Can Water Chemistry cause stale beer

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galacticbrewing12

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I have been noticing that with lighter colored beers like IPAs, Pilsners, Pale Ales, etc. tend to finish with a stale/oxidized flavor. When I brew stouts and porters I don't get that taste at all. It comes through with a smooth and malty flavor without any oxidation.

My process is the same with my light beers as dark beers. I do all grain brewing with a stainless steel insulated mash tun and then fly sparge. All the drainings are drained off through a 3/8" high temp hosing and the hose goes to the bottom of my brew kettle to avoid splashing. Then after the boil I chill with a stainless steel immersion chiller and transfer to my keg using a sanitized beer siphon with the hosing that goes down to the bottom of my plastic Big Mouth Bubbler. I then siphon into a corney keg that is sanitized with Star San. At no point to I have any splashing of cooled wort so I am not sure why with lighter beers I get this stale/oxidized flavor.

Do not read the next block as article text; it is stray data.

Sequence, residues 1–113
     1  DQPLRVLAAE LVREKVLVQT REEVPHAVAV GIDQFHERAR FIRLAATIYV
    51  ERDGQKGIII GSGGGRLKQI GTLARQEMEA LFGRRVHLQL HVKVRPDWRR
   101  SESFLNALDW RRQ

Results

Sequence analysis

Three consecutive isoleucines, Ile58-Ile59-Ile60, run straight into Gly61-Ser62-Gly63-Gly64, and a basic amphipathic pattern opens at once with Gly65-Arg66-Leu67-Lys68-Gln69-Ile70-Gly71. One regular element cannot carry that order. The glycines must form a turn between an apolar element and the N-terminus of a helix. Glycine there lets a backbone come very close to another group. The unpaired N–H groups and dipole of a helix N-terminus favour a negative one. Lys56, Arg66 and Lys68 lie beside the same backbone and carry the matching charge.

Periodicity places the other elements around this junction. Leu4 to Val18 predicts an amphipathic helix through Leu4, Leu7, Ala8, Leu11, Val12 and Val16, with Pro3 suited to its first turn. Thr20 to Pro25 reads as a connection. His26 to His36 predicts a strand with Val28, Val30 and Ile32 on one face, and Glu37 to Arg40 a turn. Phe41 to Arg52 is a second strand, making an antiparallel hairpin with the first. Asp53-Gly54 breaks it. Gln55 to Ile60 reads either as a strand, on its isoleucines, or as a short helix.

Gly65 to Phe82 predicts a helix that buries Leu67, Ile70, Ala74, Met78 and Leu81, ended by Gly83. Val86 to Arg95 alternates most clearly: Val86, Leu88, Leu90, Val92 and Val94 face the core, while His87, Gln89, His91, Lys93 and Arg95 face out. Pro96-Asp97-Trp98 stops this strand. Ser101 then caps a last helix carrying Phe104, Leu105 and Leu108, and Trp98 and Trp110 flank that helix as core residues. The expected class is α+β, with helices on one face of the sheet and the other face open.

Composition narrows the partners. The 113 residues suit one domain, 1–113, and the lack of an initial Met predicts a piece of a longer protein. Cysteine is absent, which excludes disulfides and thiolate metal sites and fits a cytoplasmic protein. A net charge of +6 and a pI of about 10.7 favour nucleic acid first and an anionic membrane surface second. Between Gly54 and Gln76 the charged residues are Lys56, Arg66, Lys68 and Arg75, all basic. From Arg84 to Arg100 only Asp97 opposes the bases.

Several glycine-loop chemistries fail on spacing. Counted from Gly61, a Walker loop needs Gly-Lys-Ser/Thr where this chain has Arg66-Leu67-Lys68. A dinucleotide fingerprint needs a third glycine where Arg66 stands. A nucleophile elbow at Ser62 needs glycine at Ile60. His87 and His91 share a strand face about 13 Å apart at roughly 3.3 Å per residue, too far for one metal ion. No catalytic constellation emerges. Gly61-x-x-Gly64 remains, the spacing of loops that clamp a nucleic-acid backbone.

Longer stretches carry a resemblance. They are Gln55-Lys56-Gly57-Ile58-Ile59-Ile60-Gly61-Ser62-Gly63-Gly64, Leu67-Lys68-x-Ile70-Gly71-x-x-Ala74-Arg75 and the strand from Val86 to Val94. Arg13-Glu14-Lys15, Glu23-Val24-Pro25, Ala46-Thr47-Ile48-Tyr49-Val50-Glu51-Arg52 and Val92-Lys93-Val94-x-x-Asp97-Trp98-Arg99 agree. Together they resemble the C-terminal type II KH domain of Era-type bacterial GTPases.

I installed a water softening system last year and I am concerned that with the softer water it has impacted the water and flavor of my beer. Below was my water profile before the water softener was installed and then the "Revised Softener Water" is my current water profile.

Original Water Profile 75(Ca2) 34(Mg2) 49(Na) 120(Cl) 22(So4-2) 315 (CaCO3)
Revised Softener Water 77(Ca2) 33(Mg2) 54(Na) 147(Cl) 22(So4-2) 35 (CaCO3)

Any thoughts?
 

ajdelange

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The reason that many people start brewing stouts and porters is that their strong flavours mask many flaws such as stale or oxidized flavors. Your dark beers are probably just as oxidized as your light ones. The use of an immersion chiller suggests lots of opportunity for O2 to contact hot wort.
 
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galacticbrewing12